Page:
In California, the word, “paternity” is used interchangeably with “parentage” or “parental relationship.” Establishing paternity means that either the parents of a child or the courts have determined who a child’s father is. There are some instances where the law assumes the identity of the father, such as:
- when the child is born during a marriage, the mother’s husband is presumed to be the child’s father, and
- when a man has been living with the child and mother in a family-like manner, and the man has demonstrated a commitment to the child, the man is presumed to be the child’s father, even if he is not the actual biological father.
Absent these two circumstances, paternity will need to be established.
In parentage cases, also called “paternity cases,” the court makes orders that say who the child’s legal parents are.
If parents are married when a child is born, there is usually no question about parentage. The law assumes that the married persons are the child’s legal parents, so parentage is automatically established in most cases. However, for unmarried parents, parentage of their children needs to be established legally.
In some cases, the law may also determine that a child has more than two legal parents. After January 1, 2005, if parents are registered domestic partners when a child is born, the law assumes that the domestic partners are the child’s parents.
What It Means to Establish Parentage
Establishing parentage means obtaining a court order or signing an official declaration of parentage or paternity that says who the legal parents of a child are. For example, if the parents of a child were not married when the mother became pregnant or when the child was born, the child does not have a legal father until parentage is established. So, even if a father can prove he is the biological father of a child, if he was never married to the mother, he does not legally have any rights or responsibilities for the child. For that, parentage must be established legally.
Establishing parentage is necessary before custody, visitation, or child support will be ordered by a court. You can ask the judge for child support or custody and visitation orders as part of a case that establishes the child’s parentage.
“If a father does not admit that he is the parent, the court may order the alleged father, mother, and child to submit to genetic testing.”
Starting the Case
If a mom uses the state child support services, the agency has the authority to require the mother, child and alleged father to submit to genetic tests to determine the biological father. Genetic testing is required when the mother also requests child support or in connection with a mother’s request for welfare or other public benefits.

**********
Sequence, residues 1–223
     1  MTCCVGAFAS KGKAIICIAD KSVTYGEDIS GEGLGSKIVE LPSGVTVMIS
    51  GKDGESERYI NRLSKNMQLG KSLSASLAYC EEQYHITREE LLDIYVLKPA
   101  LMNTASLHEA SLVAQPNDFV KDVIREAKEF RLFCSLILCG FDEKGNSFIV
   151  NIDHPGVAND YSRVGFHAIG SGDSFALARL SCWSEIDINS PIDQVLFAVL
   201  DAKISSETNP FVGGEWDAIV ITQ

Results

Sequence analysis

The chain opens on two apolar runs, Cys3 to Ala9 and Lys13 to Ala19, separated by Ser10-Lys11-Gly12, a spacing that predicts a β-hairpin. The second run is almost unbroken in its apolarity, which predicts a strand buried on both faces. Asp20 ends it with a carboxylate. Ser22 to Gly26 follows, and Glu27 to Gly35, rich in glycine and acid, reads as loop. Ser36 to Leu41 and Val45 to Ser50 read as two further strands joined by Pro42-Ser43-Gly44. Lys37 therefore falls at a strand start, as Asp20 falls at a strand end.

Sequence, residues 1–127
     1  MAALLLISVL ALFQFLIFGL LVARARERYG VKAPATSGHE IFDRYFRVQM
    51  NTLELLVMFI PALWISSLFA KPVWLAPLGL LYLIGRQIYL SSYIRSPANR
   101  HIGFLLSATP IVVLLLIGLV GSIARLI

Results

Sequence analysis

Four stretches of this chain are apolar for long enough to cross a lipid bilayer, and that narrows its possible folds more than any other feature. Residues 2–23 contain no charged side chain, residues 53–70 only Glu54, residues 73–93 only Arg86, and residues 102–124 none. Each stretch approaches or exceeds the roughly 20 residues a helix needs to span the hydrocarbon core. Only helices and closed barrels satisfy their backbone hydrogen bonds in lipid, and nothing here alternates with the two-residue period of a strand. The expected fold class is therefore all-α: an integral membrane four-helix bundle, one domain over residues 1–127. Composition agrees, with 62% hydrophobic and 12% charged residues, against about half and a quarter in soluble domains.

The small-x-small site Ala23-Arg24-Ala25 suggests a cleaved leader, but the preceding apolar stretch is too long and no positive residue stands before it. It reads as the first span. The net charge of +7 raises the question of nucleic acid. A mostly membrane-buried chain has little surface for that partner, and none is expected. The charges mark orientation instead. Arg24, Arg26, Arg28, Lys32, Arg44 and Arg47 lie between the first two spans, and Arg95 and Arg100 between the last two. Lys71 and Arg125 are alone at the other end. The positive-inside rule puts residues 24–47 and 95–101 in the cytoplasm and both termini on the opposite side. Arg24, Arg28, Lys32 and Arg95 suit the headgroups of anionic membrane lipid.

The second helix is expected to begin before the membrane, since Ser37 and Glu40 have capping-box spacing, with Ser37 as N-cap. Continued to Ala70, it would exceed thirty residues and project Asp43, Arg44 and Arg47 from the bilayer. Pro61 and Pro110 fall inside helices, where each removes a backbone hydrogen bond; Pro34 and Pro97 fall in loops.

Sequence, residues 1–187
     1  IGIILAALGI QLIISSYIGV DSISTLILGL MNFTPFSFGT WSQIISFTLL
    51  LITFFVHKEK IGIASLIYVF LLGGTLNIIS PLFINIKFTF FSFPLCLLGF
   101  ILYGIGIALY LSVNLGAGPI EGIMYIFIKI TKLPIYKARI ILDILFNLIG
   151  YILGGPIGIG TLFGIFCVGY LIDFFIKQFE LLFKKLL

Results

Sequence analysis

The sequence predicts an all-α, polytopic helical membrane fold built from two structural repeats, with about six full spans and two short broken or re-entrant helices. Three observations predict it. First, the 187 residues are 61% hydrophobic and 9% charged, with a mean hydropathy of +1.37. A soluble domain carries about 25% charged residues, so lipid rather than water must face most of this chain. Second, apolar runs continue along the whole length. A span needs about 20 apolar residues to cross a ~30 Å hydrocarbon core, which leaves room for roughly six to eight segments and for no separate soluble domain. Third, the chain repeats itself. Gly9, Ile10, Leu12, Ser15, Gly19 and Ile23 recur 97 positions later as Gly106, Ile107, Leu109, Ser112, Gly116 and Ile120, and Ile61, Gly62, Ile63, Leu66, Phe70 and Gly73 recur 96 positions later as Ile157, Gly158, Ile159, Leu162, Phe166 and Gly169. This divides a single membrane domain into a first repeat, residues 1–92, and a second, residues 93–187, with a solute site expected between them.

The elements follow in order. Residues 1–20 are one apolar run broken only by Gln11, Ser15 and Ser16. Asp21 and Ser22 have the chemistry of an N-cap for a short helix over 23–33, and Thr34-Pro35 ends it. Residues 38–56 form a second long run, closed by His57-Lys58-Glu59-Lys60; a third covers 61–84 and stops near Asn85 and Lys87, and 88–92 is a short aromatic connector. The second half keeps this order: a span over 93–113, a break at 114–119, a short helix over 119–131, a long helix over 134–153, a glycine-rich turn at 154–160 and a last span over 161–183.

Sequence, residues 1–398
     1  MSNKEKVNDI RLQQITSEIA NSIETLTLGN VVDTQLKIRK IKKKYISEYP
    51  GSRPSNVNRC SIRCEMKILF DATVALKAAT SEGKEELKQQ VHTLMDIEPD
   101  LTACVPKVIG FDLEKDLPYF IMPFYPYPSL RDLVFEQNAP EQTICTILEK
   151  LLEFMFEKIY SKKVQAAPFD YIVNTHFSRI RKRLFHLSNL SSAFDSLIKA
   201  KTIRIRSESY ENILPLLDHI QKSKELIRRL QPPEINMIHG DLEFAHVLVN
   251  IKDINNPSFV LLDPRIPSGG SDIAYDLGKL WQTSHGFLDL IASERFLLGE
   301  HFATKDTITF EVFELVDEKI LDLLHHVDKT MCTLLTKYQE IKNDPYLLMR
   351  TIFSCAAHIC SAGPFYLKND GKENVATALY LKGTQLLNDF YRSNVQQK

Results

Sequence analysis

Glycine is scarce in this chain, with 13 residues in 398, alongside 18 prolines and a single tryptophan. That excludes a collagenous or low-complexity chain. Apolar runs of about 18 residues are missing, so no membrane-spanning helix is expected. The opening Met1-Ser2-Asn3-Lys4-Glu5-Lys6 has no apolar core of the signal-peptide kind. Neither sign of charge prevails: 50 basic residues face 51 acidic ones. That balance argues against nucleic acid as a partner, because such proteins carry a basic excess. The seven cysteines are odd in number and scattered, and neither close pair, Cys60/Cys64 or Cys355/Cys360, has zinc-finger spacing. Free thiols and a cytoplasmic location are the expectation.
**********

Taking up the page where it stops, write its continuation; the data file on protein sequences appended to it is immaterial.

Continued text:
If the case is brought to court, the county superior court has the authority to order genetic testing on the mother, alleged father and child. If the alleged father refuses to cooperate, the judge may consider the dad’s noncooperation as evidence of paternity.
In addition, the court can order:
- child support
- health insurance for the child
- physical and legal custody of the child, meaning where the child will live and whether one or both parents will be able to make decisions for the child
- visitation, which means when the non-custodial parent will see the child
- payment of court costs, meaning the fees the court charges to start the case
- payment of the genetic testing, and
- payment of either party’s reasonable attorney’s fees.
Benefits of Establishing the Paternity
- Medical information: When you know who the real father of a child is, you can access their valuable medical history. This knowledge can help the child know about and prepare for possible genetic problems that might come from their father’s side.
- Parenting rights: The biological father often has an easier time accessing the right to parent and raise their child. Both child and father can value this opportunity to be involved in each other’s lives.
- Legal and financial reasons: A child who has a known father might also benefit legally and financially from this knowledge. For example, their father might pay child support or serve as a guardian. Some parents do not want to be legally or financially responsible for a child that’s not theirs biologically.
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This is intended as general advice and should not be interpreted as legal advice. Each situation is unique and requires specific analysis of relevant contracts, facts and legal obligations.